Haseena Hussain was attacked by her former boss when she did not accept his marriage proposal.
Haseena Hussain was attacked by her former boss when she did not accept his marriage proposal. Scott Carney
Women from CSAAAW, including this acid-attack survivor named Jayalakshmi, gathered on the steps of city hall in Bangalore, India, Aug. 12, to call for better prevention and prosecution of acid violence.
Women from CSAAAW, including this acid-attack survivor named Jayalakshmi, gathered on the steps of city hall in Bangalore, India, Aug. 12, to call for better prevention and prosecution of acid violence. Scott Carney
Haseena Hussain was an attractive, upwardly mobile woman in Bangalore, India, with everything going for her. But it all changed in 1999, when she turned down her former boss' marriage proposal and he sought revenge by pouring two liters of concentrated hydrochloric acid over her body.
Hussain now works with the Campaign and Struggle Against Acid Attacks on Women (CSAAAW) to fight the surge of acid violence against women. Since 1999, the group has documented 61 such attacks. In the most recent case, a 22-year-old mother of four children was doused with acid and forced to drink a deadly concoction of a corrosive chemical and alcohol by her abusive husband in the city of Mysore.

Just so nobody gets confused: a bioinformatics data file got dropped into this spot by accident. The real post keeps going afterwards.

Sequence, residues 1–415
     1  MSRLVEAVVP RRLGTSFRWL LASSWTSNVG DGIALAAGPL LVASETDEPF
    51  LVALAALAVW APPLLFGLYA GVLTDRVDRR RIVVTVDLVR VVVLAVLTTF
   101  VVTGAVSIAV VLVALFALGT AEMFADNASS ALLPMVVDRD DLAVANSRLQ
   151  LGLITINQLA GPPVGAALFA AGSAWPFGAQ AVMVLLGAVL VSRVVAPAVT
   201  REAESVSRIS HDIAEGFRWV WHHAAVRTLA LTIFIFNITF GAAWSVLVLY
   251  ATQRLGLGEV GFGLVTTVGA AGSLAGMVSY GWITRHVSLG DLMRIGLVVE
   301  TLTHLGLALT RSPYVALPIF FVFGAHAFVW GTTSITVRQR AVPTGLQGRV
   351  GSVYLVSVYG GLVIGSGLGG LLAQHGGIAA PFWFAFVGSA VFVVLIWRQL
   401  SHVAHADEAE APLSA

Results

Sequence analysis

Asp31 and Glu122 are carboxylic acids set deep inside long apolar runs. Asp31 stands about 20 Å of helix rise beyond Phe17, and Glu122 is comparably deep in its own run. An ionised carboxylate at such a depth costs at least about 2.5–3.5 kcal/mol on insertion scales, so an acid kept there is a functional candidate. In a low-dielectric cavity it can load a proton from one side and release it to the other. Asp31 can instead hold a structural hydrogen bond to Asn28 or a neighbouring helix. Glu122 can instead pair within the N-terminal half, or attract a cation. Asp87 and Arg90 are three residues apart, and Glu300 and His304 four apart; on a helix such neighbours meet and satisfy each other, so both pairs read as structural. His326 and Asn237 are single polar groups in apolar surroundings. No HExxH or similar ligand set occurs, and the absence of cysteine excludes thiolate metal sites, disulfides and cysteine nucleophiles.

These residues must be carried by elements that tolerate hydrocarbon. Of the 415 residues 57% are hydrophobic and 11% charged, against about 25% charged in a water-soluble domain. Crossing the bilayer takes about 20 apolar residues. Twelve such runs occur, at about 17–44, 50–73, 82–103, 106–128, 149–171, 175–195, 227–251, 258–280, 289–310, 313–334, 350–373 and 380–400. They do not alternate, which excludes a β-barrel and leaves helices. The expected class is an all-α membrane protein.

CSAAAW has had some success in persuading the courts and police to take acid attacks more seriously. In a recent ruling, the sentence of Hussain's attacker was increased from five years to 14. But even that measure of justice rings hollow to Hussain, who had burns over most of her body and lost her nose and eyesight.
In that ruling, the judge also demanded that the government set up a fund of about $250,000 to cover the costs of reconstructive surgery that many of these women need. Survivors of the attacks say that the fund is only enough to care for two women — far short of the needs of the more than 60 survivors.
Even with excellent medical care, the best that most of these women can hope for is survival. If not treated immediately, they can lose their eyesight and spiral into depression. Many commit suicide.
Acid violence seems to be almost unique to South Asia, with most incidents occurring in Bangladesh, India and Pakistan. Part of the reason is that acid is cheap and widely available. Many Indians use concentrated acid to sterilize their kitchens and bathrooms, as Americans would use bleach.
But the problem affects more than just the women represented by the campaign. A number of politicians, including the wife of the former prime minister of India, have had acid thrown at them. It is also commonplace in mob violence. Popular televised serials and films reinforce the idea by repeatedly portraying acid attacks.
Perhaps the most dangerous thing about acid attacks is the fear that they create. With just a few rupees, anyone can buy a weapon that can ruin another person's life in just a few seconds. For this reason, activists from CSAAAW will raise their voices until the government does something to regulate acid.